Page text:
When I was planning my two-week sabbatical for this summer, that month in Glacier was in that back of my mind — the open-ended nature of days on the trail, and the connection with the world around me were both things I was seeking to integrate into my sabbatical. The constant busyness of being a working mother to a four year old and a one year old was at the forefront of my mind as well, and as I planned out my sabbatical time I wanted to find a sense of space in my days off.

I created a list of things I wanted to do on my sabbatical – like going to yoga classes and spending time browsing the bookstore for a book to spend the evening reading.

I managed to accomplish many of the things on my list, while being attentive to leaving enough unplanned time to lean into the days as they arrived. One afternoon we spent some time as a family on the shore at the confluence of the Columbia and Willamette Rivers here in Portland. It’s not the dramatic vistas of Glacier, but the kids don’t seem to notice, and I’m always aware of how being in nature seems so good for their souls – and ours! I also spent a night at the Oregon coast by myself, and discovered how rejuvenating one day spent walking on the beach alone can be. My sabbatical was exactly what I was hoping it would be, and it made me realize how grateful I am to be doing this work at NWEI too!

My colleague Deb McNamara also took a sabbatical this summer and she had similar things to share. “The main thing I take away from my sabbatical is gratitude for the extra time with my family and most importantly, my three young boys. We are always talking about how important time in nature is – especially for children – and this summer I was able to be outside more than ever with them. We enjoyed many hikes in the Rocky Mountains, days spent swimming in lakes, wading in creeks, taking a first pontoon boat ride and even soaking in nearby hot springs. It was a reminder about the simple joys of life and the importance of making time for the simple pleasures of life: family, friends, time in nature – and time to slow down and enjoy the beauty of our world.”

Need to reboot with a reminder about living simply? Even if you can’t take extra time off of work, you can integrate intentionality into your life by choosing the new Simplicity Challenge during this year’s EcoChallenge! Learn more here. And stay tuned for more about our forthcoming course on intentional living too.

Our Summer 2016 EarthMatters Newsletter is Here!

The Summer 2016 Edition of our EarthMatters Newsletter is here! Click here, or the image below, to download the EarthMatters newsletter. This issue’s lead article is on ways to find happiness without costing the planet. As author Sarah van Gelder reminds us, the starting point is to realize we have choices: meaningful work, authentic relationships, and gratitude. Enjoy!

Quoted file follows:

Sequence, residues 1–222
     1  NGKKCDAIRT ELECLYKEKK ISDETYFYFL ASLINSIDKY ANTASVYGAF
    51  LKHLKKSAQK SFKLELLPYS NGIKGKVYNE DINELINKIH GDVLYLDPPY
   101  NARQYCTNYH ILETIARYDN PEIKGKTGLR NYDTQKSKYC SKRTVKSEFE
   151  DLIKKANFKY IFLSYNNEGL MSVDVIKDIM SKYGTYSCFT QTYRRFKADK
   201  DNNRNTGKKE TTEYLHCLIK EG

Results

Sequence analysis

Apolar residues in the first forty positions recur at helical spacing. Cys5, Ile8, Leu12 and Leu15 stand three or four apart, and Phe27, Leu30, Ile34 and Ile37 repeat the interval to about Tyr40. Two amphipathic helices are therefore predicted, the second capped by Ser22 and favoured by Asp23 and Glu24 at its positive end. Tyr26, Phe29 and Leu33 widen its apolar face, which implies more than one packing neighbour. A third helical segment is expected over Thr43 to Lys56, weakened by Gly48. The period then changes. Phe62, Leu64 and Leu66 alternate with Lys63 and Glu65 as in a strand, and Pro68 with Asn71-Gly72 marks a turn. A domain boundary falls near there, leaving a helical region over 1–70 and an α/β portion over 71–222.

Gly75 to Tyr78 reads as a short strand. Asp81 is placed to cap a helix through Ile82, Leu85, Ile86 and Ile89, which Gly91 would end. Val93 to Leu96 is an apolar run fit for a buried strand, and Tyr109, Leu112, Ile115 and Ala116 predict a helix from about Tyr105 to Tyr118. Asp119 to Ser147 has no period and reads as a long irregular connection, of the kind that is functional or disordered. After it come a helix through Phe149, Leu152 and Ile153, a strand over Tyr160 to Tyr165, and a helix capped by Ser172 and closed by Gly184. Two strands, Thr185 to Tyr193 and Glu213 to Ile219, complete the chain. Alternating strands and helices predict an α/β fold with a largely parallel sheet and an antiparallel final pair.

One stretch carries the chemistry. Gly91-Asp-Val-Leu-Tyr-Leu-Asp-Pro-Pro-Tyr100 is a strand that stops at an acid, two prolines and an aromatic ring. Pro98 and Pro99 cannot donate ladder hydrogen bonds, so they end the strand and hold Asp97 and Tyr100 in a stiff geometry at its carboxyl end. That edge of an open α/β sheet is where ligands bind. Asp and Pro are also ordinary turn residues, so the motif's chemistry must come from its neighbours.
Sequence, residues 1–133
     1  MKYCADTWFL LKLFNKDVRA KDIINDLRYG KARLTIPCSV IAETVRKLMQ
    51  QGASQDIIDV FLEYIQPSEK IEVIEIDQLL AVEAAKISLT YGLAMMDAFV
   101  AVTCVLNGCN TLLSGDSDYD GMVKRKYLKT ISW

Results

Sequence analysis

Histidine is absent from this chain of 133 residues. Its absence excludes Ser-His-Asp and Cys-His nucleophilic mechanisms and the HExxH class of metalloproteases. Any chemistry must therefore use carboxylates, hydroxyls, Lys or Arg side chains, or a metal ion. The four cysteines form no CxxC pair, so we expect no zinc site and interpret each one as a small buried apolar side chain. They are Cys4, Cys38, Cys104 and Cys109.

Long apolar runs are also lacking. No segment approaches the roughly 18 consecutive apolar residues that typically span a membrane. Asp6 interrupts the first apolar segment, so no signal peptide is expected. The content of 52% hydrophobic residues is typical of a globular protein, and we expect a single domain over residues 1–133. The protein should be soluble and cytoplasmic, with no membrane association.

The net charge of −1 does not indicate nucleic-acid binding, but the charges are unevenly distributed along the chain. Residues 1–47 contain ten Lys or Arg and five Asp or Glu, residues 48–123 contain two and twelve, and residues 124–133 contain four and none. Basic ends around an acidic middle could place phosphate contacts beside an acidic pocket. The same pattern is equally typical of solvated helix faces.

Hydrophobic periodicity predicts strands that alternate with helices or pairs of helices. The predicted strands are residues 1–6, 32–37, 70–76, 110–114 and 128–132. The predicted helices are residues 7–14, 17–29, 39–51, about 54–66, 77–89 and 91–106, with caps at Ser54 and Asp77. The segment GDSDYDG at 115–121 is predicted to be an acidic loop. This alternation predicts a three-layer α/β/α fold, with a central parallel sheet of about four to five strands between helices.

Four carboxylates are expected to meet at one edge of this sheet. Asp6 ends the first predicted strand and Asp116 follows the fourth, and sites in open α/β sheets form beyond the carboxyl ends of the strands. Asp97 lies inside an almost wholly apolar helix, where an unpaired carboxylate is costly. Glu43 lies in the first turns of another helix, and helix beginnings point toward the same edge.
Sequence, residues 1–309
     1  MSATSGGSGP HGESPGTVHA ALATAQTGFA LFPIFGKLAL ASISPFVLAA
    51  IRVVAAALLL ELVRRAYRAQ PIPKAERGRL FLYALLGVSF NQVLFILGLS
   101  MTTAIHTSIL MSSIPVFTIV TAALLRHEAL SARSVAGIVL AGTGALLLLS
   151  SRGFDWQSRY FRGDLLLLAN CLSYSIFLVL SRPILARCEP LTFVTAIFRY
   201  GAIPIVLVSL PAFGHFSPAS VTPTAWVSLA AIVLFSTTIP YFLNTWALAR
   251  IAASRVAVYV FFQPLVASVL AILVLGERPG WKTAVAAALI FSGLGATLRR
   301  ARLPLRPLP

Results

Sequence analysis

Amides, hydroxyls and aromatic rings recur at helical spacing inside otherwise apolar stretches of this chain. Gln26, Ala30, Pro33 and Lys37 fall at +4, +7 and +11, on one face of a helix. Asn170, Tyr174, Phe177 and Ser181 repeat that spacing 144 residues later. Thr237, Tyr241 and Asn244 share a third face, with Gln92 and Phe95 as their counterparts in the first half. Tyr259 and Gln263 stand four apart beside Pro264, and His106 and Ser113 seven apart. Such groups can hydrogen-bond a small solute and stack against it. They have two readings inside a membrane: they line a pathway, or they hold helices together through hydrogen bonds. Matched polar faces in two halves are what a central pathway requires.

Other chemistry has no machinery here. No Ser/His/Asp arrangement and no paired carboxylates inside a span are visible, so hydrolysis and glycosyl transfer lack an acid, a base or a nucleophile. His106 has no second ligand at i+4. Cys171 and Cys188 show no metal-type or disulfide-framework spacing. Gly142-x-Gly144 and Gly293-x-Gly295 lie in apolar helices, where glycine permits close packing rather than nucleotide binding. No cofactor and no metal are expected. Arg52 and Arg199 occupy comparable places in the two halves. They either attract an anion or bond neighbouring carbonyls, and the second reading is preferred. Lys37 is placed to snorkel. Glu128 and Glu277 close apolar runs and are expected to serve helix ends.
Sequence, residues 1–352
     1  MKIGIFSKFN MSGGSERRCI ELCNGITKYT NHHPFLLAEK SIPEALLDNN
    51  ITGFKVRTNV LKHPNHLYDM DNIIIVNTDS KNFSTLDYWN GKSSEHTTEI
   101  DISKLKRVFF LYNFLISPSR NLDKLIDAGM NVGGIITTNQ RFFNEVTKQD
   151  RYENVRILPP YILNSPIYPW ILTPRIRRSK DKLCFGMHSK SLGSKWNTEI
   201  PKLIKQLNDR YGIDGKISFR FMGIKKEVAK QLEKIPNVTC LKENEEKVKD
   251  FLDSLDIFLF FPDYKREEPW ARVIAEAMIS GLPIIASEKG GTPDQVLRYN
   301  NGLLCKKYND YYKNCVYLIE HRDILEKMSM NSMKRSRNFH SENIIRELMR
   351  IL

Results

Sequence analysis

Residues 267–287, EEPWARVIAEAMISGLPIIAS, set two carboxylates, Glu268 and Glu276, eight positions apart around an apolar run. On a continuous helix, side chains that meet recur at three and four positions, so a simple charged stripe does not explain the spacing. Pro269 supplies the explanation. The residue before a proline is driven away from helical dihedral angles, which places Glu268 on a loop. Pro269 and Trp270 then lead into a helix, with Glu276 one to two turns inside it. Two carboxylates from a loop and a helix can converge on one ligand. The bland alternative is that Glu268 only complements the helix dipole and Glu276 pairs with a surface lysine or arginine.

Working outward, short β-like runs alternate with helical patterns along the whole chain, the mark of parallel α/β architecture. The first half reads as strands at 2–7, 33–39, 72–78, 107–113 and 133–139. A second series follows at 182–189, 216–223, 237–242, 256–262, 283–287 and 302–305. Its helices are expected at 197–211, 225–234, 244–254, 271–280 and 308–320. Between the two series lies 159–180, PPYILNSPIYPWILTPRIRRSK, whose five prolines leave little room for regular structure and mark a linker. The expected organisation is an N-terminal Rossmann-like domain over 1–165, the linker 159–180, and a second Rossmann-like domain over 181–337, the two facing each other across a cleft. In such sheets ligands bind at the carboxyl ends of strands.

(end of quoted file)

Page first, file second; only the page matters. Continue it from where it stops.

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Choose a Nature Challenge & Celebrate 100 Years of National Parks!

Grand Teton National Park, Wyoming, USA — Bull Elk Standing on Banks of Snake River — Image by © Buddy Mays/Corbis
Grand Teton National Park, Wyoming, USA;   Image by © Buddy Mays/Corbis

It is time to pack a picnic and explore the natural beauty of our amazing planet! If you are in the United States, this week is a perfect time to visit one of the 413 National Parks as the National Park Service celebrates 100 years of preservation, conservation and service.

The centennial will celebrate the achievements of the past 100 years, but it is also a reminder about continuing the practice of preservation well into the future. As the National Parks Foundation says, “It’s about kicking off a second century of stewardship for America’s national parks and for communities across the nation.” And, it’s about remembering to make time to enjoy and protect these beautiful places.

At the Earth Institute we often talk about how we are most inspired to care for what we love. With an increasingly busy and technology-oriented society, time outdoors and time spent falling in love with our natural places can come at a premium. Yet it is more important than ever to forge these connections to place. As Gary Snyder says, “Find your place on the planet. Dig in, and take responsibility from there.” Yes indeed!

*If you need a kick-start getting outside and connecting with nature, join us for our October EcoChallenge and choose a Nature Challenge. Pick an action like going for a daily walk, eating meals outside, or exploring your natural places and commit to it for two weeks.